Smurf, disarmingly handsome and wearing a neatly pressed blood-red shirt below a pair of diamond earrings, leans back in a chair and stares out to the street. ‘‘ The first time I shot somebody, I felt happy. Some people say you feel sick, or you vomit. I didn’t feel none of that,’’ he says. ‘‘ I felt happy because I did what I needed to do: shot the guy who killed my brother — my homie. I don’t know if he lived or died. But I felt good.’’
Smurf removes his baseball cap and rubs the back of his cornrowed head to reveal a deep scar from a bullet graze sustained in a street shooting as a 14-year-old. By that time, he was already an established member of the IG, a Bloods subset. His initiation — a street fight with three grown men — came at the tender age of 12, not long, he says, after his father had been jailed for life for murder. ‘‘ We in the Jungle right here,’’ he says. ‘‘ Lions, tigers and bears. Once I step outside, this gets real. I could get shot in the parking lot.’’ THE Jungle, in the Crenshaw district of south LA, is one of America’s most notorious public housing areas, known as the projects. Made famous by the 2011 Denzel Washington film Training Day, the Jungle is a ramshackle collection of public high-rise housing that winds around a labyrinth of one-way streets and dead ends, populated by third and fourthgeneration gang members. ‘‘ Trust me, you don’t wanna get lost in there,’’ Smurf says.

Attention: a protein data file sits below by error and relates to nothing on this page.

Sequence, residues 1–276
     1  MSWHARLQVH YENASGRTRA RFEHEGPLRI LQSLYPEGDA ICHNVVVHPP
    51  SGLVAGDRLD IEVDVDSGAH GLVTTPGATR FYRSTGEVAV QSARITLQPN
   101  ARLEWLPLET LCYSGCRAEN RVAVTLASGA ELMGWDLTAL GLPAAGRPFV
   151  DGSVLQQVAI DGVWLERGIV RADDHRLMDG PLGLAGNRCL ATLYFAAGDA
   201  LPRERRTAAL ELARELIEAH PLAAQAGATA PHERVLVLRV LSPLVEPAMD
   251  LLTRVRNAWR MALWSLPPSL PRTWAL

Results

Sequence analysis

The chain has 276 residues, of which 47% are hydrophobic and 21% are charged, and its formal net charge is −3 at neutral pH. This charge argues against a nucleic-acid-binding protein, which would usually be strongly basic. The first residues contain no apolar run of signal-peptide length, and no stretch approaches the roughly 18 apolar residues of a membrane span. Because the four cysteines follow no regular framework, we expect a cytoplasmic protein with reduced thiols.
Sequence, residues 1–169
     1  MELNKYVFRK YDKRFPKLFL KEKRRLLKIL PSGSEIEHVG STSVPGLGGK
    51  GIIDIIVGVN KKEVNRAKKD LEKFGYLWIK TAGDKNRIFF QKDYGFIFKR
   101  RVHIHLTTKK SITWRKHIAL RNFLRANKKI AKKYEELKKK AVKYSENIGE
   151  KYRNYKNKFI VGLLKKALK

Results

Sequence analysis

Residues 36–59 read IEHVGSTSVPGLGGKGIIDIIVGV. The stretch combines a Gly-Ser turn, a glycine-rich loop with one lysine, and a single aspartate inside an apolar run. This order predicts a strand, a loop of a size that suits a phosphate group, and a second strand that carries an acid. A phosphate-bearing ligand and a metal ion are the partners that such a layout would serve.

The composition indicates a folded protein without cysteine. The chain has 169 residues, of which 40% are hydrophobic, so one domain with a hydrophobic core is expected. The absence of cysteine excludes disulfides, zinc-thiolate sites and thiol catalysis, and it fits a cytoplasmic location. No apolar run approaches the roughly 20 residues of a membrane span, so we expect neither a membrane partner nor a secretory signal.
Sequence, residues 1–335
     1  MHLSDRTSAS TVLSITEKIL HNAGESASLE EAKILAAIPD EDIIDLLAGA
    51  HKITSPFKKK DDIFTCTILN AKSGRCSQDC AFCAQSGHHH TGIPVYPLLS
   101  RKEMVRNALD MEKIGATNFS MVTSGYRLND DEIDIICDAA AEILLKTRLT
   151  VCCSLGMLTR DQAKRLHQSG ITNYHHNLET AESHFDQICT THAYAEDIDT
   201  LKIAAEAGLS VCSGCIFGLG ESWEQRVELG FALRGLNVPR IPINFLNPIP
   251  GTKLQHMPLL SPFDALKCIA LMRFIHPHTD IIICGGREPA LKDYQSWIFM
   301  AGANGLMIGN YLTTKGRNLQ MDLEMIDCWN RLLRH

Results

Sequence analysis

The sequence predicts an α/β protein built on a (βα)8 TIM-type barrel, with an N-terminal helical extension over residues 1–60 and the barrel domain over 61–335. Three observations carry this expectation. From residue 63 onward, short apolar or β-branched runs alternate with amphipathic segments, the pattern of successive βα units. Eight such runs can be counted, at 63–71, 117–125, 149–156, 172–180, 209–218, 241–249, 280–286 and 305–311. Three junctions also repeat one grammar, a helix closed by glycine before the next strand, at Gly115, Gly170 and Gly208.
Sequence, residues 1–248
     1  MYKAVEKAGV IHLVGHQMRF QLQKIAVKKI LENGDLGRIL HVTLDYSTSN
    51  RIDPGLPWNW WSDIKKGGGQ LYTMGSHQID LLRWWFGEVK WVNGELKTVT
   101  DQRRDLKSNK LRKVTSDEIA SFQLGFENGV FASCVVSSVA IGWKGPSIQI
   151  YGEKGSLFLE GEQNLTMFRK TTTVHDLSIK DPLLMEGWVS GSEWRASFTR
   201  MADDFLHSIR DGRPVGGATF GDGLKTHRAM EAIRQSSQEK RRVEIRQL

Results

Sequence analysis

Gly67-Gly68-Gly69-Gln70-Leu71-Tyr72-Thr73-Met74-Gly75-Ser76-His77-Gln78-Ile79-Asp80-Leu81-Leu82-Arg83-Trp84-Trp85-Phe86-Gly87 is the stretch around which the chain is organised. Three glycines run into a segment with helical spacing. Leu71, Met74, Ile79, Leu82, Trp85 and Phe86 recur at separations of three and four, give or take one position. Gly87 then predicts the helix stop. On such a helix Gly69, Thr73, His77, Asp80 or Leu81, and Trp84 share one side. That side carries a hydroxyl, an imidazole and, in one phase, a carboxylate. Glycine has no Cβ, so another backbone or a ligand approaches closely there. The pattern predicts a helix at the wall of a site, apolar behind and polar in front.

At the Jungle’s outer limits, across a vacant lot littered with abandoned cars and shopping trolleys, and where disparate groups of black youths occasionally loiter, stands an unassuming white building untouched by the gangspecific graffiti and wanton vandalism that so characterises many of the buildings in this area. It’s a place described by politician and former LA Police chief Bernard Parks as a ‘‘ beacon of hope in Crenshaw’’: the Debbie Allen Dance Academy.